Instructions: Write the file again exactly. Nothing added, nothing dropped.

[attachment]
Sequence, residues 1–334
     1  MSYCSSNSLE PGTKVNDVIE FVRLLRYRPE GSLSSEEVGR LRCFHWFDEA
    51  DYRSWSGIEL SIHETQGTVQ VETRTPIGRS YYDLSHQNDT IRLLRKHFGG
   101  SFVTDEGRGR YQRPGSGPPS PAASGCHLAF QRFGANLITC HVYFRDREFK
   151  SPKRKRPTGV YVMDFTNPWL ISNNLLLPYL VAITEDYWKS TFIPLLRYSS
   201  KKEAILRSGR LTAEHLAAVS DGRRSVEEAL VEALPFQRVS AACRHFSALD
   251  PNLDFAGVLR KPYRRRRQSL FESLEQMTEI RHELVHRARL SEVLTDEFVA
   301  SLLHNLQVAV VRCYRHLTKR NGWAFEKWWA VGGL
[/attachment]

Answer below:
Sequence, residues 1–334
     1  MSYCSSNSLE PGTKVNDVIE FVRLLRYRPE GSLSSEEVGR LRCFHWFDEA
    51  DYRSWSGIEL SIHETQGTVQ VETRTPIGRS YYDLSHQNDT IRLLRKHFGG
   101  SFVTDEGRGR YQRPGSGPPS PAASGCHLAF QRFGANLITC HVYFRDREFK
   151  SPKRKRPTGV YVMDFTNPWL ISNNLLLPYL VAITEDYWKS TFIPLLRYSS
   201  KKEAILRSGR LTAEHLAAVS DGRRSVEEAL VEALPFQRVS AACRHFSALD
   251  PNLDFAGVLR KPYRRRRQSL FESLEQMTEI RHELVHRARL SEVLTDEFVA
   301  SLLHNLQVAV VRCYRHLTKR NGWAFEKWWA VGGL